President Donald Trump announced on July 26 that Foxconn Technology Group plans a new factory in Wisconsin, fulfilling the Taiwanese manufacturing giant’s promise to invest in the U.S.
The factory, which will produce LCD display monitors, will open in the home district of House Speaker Paul Ryan, a Wisconsin Republican who personally lobbied Trump and White House chief of staff Reince Priebus to help secure the plant. The White House’s Office of Innovation, led by Trump’s son-in-law Jared Kushner, led administration efforts to land the $10 billion facility, according to a White House official who requested anonymity to discuss the deal before the announcement.
Trump applauded the investment in a White House ceremony with Foxconn chairman Terry Gou calling it “a great day for American workers and American manufacturing” and taking credit for the company’s decision to build the factory in the U.S.
"If I didn’t get elected, he definitely would not be spending $10 billion," Trump said, turning toward Gou.
The plant is expected to employ about 3,000 people at first, though it could eventually provide as many as 13,000 jobs, the official said.
The decision to place the factory in Ryan’s southeastern Wisconsin district is a political win for the speaker, whose relationship with Trump has at times been strained. It’s also a victory for Priebus, a fellow Wisconsinite who has recently seen two White House allies, Press Secretary Sean Spicer and spokesman Michael Short, depart the administration after Trump overruled his chief of staff and hired Anthony Scaramucci as his communications director.
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Ryan, Wisconsin Governor Scott Walker, and Vice President Mike Pence also were on stage at the White House for the announcement.
The company has said it hopes to increase its investment in U.S. manufacturing, with a focus on building flat-panel screens. Economic development officials from Illinois, Indiana, Michigan, Ohio, Pennsylvania, Texas, and Wisconsin all vied for Foxconn’s first U.S. plant, and the company viewed its location decision at least in part through a political lens, one person familiar with the matter said.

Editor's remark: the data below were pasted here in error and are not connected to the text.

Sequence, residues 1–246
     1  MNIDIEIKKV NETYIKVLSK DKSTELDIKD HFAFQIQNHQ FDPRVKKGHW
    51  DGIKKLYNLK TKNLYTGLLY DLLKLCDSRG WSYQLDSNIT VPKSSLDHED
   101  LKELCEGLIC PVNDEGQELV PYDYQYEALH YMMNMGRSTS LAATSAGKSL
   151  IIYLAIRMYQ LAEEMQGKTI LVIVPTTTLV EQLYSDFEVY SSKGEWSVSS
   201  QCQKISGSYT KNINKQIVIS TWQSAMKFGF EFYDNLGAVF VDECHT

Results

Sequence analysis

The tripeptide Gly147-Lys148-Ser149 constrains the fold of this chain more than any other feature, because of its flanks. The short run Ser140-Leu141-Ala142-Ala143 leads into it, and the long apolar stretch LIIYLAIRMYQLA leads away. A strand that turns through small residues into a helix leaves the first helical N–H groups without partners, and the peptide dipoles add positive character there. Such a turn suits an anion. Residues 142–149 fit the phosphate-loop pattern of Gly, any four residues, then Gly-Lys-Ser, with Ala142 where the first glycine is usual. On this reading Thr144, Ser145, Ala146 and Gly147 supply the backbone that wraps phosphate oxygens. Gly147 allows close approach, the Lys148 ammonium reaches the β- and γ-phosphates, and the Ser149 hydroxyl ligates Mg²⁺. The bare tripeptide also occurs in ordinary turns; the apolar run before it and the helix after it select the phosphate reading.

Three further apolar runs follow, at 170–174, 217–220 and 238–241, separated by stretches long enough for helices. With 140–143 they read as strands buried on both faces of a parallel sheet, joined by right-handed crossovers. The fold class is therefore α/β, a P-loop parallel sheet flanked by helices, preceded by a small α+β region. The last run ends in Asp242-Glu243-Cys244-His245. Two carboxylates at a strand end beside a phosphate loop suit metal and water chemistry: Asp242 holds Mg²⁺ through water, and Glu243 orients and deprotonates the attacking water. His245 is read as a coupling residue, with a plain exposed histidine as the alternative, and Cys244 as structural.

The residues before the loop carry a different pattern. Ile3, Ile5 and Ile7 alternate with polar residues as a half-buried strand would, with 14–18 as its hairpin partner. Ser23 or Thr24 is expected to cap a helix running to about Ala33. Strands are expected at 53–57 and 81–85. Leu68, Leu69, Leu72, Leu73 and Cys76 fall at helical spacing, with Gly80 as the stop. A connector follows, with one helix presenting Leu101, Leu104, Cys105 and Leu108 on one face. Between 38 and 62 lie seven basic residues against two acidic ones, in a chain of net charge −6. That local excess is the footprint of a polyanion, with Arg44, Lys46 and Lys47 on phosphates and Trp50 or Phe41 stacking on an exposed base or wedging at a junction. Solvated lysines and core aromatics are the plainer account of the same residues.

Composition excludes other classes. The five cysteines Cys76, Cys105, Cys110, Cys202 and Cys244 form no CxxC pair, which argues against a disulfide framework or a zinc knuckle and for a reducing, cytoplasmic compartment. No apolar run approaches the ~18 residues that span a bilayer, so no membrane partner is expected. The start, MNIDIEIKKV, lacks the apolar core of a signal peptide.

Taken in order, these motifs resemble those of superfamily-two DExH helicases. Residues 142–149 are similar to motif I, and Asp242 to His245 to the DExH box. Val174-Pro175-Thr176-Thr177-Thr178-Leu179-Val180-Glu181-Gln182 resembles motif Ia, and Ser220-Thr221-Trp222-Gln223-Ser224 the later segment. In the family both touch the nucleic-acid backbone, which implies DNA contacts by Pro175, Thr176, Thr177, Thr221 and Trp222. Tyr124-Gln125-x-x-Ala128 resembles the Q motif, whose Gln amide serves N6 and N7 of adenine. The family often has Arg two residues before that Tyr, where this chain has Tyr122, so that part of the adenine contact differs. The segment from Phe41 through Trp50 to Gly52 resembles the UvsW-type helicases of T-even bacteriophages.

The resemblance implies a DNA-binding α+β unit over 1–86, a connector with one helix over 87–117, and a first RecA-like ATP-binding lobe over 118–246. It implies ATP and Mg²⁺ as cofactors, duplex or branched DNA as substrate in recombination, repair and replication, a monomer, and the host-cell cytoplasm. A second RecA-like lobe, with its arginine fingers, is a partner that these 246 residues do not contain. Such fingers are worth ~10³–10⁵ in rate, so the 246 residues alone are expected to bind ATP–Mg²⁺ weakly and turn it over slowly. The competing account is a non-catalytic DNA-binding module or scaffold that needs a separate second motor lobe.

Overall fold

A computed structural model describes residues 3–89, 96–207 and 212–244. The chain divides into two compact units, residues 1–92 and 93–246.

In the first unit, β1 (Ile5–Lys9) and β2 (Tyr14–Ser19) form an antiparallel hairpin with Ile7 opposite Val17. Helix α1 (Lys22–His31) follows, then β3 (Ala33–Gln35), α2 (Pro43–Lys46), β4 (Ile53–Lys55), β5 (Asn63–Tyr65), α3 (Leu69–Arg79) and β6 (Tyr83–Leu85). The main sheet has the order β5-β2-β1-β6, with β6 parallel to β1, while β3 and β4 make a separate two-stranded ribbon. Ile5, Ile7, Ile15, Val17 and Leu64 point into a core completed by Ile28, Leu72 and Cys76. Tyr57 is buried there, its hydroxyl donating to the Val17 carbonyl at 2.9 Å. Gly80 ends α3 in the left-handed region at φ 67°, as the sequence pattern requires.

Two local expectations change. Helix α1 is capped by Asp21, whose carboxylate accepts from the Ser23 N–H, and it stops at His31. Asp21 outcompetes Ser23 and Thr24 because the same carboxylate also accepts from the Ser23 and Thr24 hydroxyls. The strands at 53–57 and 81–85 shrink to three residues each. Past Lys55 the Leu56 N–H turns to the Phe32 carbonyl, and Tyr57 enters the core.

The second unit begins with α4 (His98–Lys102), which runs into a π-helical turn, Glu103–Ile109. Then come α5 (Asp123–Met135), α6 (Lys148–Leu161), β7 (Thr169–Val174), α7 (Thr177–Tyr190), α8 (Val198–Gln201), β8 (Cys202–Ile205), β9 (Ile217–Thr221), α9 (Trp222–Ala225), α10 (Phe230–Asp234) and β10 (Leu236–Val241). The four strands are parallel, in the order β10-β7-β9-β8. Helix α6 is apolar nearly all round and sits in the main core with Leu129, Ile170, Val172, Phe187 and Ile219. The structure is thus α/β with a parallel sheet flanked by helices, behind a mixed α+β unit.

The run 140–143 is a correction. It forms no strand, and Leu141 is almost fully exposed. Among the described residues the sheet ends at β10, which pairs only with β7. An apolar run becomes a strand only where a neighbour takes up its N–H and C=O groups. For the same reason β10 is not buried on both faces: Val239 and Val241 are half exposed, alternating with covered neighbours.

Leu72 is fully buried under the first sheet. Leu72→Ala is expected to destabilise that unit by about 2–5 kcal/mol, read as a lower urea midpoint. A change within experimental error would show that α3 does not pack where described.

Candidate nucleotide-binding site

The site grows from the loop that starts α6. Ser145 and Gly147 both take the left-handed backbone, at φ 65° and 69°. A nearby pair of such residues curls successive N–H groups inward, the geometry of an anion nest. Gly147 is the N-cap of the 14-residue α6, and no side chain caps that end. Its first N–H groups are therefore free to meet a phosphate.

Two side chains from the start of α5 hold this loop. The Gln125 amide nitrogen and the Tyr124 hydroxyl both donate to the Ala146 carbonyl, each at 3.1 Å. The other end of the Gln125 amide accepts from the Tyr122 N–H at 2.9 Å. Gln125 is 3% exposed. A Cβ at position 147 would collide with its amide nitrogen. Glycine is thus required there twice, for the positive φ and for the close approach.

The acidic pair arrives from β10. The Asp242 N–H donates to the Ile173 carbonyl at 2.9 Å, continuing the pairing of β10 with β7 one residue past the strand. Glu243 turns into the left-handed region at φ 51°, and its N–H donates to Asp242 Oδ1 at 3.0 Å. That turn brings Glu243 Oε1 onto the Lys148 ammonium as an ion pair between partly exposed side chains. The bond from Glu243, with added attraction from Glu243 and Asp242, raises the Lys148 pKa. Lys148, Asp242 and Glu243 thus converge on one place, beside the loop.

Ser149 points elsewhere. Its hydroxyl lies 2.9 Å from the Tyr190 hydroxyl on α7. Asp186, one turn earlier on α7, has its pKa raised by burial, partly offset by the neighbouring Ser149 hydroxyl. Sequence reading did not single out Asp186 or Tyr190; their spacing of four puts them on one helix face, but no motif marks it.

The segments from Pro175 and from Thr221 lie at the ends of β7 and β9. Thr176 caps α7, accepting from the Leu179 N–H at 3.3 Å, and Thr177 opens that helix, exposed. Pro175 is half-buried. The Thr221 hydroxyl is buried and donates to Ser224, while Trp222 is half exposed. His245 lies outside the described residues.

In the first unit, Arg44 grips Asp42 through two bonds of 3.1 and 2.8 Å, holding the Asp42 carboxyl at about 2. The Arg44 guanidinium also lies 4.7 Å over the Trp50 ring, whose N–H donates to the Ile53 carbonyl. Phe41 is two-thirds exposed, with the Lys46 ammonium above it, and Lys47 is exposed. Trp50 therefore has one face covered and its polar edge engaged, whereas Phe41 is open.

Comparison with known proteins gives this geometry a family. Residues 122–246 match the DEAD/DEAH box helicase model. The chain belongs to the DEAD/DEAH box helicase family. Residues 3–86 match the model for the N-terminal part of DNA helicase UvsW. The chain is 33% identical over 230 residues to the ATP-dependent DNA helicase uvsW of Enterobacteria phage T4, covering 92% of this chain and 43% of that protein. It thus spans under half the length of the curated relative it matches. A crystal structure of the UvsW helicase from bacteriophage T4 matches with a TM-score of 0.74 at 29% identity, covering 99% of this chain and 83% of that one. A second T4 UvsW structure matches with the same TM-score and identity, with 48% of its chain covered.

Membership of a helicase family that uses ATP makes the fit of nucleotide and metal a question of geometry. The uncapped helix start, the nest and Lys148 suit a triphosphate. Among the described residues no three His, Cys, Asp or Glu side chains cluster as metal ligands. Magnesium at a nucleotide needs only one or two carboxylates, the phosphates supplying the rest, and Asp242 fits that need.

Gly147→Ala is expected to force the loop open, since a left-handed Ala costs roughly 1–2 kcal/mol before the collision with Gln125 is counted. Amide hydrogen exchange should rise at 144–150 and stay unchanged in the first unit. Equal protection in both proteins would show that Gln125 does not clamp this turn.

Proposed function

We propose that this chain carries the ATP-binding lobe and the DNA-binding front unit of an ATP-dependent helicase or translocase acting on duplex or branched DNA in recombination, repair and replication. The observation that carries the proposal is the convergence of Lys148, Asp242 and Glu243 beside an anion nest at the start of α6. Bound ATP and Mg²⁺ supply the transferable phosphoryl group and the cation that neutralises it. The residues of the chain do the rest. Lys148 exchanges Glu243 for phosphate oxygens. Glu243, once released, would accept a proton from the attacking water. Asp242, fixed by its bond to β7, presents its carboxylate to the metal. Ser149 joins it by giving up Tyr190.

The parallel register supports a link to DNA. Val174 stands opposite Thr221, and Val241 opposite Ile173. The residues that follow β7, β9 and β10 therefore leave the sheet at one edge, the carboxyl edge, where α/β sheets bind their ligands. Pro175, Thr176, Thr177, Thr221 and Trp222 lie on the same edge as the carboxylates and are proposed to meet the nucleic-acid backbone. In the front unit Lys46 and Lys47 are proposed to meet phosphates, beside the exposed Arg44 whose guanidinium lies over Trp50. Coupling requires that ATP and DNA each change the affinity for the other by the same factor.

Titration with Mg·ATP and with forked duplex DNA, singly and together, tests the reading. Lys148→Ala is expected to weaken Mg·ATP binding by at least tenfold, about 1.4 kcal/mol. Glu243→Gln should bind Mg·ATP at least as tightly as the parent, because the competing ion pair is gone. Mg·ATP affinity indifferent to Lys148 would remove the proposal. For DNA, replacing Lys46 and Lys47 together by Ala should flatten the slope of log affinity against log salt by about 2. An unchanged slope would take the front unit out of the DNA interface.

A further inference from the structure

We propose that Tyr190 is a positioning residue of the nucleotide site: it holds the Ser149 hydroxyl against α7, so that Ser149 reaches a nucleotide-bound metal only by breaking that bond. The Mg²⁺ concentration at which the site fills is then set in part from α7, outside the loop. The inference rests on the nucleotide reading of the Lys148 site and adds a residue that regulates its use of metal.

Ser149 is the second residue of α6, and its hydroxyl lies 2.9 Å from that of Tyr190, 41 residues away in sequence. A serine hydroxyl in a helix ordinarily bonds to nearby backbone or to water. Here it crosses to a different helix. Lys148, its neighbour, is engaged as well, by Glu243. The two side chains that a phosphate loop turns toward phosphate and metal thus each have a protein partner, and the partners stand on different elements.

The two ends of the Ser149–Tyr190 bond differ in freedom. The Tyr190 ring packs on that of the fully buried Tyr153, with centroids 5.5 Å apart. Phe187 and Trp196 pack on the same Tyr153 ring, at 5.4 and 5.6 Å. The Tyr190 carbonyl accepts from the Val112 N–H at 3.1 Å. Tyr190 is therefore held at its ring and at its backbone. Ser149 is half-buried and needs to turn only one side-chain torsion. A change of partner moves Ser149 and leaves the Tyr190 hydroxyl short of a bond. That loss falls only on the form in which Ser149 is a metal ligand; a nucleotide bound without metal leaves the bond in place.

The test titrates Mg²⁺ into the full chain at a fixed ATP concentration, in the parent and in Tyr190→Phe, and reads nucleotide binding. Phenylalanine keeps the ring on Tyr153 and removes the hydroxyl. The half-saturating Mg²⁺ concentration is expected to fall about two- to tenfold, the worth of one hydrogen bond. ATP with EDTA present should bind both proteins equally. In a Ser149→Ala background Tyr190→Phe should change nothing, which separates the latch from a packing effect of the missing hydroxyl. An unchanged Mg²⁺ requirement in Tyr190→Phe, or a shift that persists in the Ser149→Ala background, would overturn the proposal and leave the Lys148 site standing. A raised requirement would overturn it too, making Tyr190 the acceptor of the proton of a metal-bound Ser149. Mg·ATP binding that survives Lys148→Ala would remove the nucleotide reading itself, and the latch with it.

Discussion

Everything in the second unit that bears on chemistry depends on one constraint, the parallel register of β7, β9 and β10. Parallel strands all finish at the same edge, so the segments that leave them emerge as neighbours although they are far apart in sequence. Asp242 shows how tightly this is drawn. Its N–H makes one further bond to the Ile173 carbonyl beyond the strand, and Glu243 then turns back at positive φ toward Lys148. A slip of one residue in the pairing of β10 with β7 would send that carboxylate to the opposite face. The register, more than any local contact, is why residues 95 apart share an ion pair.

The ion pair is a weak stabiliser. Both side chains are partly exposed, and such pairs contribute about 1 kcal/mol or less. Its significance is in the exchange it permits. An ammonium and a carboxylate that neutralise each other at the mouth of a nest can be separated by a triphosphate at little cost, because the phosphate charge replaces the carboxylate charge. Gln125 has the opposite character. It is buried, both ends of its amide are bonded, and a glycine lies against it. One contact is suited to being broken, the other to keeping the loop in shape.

Ryan and Priebus were personally involved in securing the factory for Wisconsin. Ryan met with Foxconn executives on June 20 in Washington to pitch them on the state, and three weeks later, held a dinner along with Walker for company officials. Ryan’s staff also met with Foxconn executives to discuss federal programs the company could use related to workforce development and training.
Wisconsin and the federal government will provide Foxconn a package of tax breaks and other incentives worth as much as $3 billion, according to the Milwaukee Journal-Sentinel. The details of that agreement have not yet been made public.
The selection of Wisconsin, where the 3.1%t unemployment rate is already the lowest level recorded since October 1999, is an indication that the Trump administration is focusing its economic development efforts on swing states the president will need to hold to win re-election. Trump won the state by just over 27,000 votes last year.
White House officials, asked if politics played a role in the decision, said they advocated for locations with a workforce and business climate where Foxconn could best succeed. The officials said they were told by Gou and other company executives that the decision was also motivated by the administration’s deregulation push, as well as the president’s efforts to secure an overhaul of the tax code and new spending on infrastructure.
The company has told the White House it hopes the Wisconsin plant is the first of several in the U.S., the officials said.
Priebus had previously hinted that Wisconsin could be the winner of the multistate competition for the new factory from Foxconn, best known for its role assembling Apple Inc.’s iPhones. The chief of staff said in an interview with Milwaukee radio station WTMJ that Trump had noticed vacant land during an April visit to Kenosha County.
"He said, ‘That land should be used.’ So when Foxconn came into the White House, into the Oval Office, the president said, ’I know a good spot that you should go to, that place in Kenosha,’" Priebus said.
And Trump, in an interview on July 25 with the Wall Street Journal, said Foxconn was strongly considering putting the plant in Wisconsin. He predicted that workers from rust belt states like New York would move to states like Wisconsin that were adding manufacturing jobs.
"I’m going to start explaining to people: When you have an area that just isn’t working like upper New York state, where people are getting very badly hurt, and then you’ll have another area 500 miles away where you can’t get people, I’m going to explain, you can leave," he said. "It’s OK. Don’t worry about your house.”
By Justin Sink